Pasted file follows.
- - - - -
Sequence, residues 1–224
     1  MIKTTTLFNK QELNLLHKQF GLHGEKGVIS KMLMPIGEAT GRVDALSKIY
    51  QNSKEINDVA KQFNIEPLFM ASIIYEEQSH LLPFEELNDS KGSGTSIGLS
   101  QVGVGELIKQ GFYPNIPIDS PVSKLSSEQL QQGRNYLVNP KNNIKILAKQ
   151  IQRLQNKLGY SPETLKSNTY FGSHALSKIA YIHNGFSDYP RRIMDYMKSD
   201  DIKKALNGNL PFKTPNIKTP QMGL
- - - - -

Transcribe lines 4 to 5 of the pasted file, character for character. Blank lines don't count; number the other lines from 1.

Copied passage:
   101  QVGVGELIKQ GFYPNIPIDS PVSKLSSEQL QQGRNYLVNP KNNIKILAKQ
   151  IQRLQNKLGY SPETLKSNTY FGSHALSKIA YIHNGFSDYP RRIMDYMKSD